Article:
Implied Consent Law in New York
In the state of New York there is an implied consent statute. The statute states that a person, by virtue of operating a motor vehicle in the state of New York, has impliedly consented to a chemical test to determine their BAC. When you get your license in the state you sign a piece of paper that stating that you agree to submit to a BAC test if you are ever stopped for DUI in the state.
When the police office asks you to submit to a chemical test, they are required to inform you of the consequences that stem from such a refusal by reading to you the “implied consent warnings.” This must be read in order for a refusal to submit to a test can be used against a driver in court to take away his or her license. After the warnings are read, the driver is asked if he or she again to submit to a test, if they refuse a second time, it can be used as evidence to take away the driver’s license because it is evidence of a “guilty conscience” – the person knew a test would yield positive results of BAC. If the driver submits to the test, the test can be used against them as evidence during the trial process. If the driver refuses the BAC test, the driver will be sanctioned under the chemical test refusal law and civil penalties will be imposed.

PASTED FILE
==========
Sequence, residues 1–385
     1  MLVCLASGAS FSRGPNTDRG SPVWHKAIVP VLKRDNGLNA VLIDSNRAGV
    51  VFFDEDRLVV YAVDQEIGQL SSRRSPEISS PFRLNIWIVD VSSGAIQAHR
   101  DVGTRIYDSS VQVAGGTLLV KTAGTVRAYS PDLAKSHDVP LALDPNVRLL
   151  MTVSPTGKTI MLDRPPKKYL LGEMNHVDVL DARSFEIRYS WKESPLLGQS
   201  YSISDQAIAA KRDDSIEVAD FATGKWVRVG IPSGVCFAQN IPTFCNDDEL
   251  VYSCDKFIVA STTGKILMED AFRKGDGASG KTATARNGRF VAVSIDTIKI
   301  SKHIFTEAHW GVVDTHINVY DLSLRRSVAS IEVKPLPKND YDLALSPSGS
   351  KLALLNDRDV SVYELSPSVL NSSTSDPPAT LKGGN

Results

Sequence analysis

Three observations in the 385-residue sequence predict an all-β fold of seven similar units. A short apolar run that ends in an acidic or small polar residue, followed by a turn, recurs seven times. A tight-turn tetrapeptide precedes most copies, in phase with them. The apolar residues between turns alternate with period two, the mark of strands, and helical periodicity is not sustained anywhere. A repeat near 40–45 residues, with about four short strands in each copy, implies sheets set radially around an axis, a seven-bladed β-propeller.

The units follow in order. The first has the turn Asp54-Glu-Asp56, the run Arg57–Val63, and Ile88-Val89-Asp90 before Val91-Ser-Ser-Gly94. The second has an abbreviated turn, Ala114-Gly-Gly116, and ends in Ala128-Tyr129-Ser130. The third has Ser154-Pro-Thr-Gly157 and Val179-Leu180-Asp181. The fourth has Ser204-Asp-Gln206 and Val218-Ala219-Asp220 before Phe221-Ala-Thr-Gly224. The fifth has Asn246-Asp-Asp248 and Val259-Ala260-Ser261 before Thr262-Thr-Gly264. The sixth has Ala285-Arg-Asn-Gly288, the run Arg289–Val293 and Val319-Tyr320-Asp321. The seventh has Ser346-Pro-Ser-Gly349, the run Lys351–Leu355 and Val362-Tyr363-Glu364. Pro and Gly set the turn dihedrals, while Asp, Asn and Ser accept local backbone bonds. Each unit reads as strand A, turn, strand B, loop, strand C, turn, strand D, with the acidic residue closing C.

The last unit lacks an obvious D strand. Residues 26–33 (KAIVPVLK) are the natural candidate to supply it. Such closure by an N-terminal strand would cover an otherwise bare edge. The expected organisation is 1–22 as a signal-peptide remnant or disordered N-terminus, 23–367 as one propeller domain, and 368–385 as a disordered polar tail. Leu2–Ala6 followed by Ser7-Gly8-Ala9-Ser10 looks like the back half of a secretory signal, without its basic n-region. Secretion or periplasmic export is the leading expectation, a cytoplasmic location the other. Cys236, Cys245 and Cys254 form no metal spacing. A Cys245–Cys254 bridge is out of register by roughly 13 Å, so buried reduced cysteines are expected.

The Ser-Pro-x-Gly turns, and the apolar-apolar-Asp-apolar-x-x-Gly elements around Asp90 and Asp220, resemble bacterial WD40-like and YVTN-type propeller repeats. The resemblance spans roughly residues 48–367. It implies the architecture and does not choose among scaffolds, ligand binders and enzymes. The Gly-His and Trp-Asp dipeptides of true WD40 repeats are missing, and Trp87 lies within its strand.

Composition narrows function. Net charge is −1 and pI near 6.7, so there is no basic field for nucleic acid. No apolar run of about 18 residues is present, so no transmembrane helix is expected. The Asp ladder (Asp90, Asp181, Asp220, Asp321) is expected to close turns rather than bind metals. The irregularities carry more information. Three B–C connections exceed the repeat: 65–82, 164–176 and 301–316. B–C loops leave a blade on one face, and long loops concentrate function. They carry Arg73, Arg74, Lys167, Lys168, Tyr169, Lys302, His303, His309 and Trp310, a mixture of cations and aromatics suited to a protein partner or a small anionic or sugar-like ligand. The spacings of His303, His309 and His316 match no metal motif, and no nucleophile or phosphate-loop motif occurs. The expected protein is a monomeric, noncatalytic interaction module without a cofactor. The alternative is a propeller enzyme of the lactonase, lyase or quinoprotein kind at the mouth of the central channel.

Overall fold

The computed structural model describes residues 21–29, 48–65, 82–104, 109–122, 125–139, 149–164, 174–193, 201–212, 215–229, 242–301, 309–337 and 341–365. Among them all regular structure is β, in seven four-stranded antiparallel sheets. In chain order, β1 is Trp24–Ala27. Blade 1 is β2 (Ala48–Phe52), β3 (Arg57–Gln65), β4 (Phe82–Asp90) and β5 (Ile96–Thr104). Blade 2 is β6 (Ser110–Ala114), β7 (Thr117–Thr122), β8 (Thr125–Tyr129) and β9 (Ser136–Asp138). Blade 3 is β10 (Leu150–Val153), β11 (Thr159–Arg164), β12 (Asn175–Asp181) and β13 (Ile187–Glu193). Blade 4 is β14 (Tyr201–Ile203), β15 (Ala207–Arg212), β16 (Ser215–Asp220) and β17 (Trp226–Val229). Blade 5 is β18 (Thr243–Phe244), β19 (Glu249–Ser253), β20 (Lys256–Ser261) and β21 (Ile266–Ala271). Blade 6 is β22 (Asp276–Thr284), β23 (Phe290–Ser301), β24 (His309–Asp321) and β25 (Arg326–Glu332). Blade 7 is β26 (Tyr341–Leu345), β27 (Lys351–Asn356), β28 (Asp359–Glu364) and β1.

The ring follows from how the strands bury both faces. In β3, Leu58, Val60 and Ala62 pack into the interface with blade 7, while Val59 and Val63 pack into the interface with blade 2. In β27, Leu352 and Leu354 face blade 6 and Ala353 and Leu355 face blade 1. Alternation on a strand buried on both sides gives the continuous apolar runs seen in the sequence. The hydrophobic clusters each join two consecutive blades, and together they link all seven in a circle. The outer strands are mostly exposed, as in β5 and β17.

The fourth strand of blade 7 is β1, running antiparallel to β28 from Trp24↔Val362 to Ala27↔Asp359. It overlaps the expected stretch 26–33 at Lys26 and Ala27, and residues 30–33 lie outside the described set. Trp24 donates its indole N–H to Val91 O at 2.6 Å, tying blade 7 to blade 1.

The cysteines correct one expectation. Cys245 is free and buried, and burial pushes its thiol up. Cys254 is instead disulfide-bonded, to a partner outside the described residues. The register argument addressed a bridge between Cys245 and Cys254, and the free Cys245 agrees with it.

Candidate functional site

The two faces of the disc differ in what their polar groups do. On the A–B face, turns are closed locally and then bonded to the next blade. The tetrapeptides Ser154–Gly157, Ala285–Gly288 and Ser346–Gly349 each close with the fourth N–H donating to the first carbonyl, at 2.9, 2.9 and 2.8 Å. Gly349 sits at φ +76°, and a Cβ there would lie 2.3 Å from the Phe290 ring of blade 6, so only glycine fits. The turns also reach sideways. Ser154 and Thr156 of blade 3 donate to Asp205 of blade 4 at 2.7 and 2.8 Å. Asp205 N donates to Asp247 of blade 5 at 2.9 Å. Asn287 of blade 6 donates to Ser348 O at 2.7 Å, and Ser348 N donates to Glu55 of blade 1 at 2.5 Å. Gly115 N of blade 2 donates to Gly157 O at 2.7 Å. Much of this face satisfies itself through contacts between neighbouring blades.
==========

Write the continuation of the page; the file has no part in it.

The implied consent warnings have harsh penalties for the refusal to submit to a chemical test. First refusal results in a 1-year suspension of your driver’s license for a private vehicle, and an 18-month suspension for a commercial driver. For s second refusal within 5 years for a private vehicle driver, there is an 18-month suspension. For a commercial driver, a lifetime ban is imposed. If you are underage (under the age of 21) and you refuse to submit to a chemical test for a second time in 5 years, you will receive a 1-year suspension of your license, or until the age of 21 is reached. Refusal to submit to a chemical test also comes with civil penalties of $500 for a first refusal and $750 for a second.
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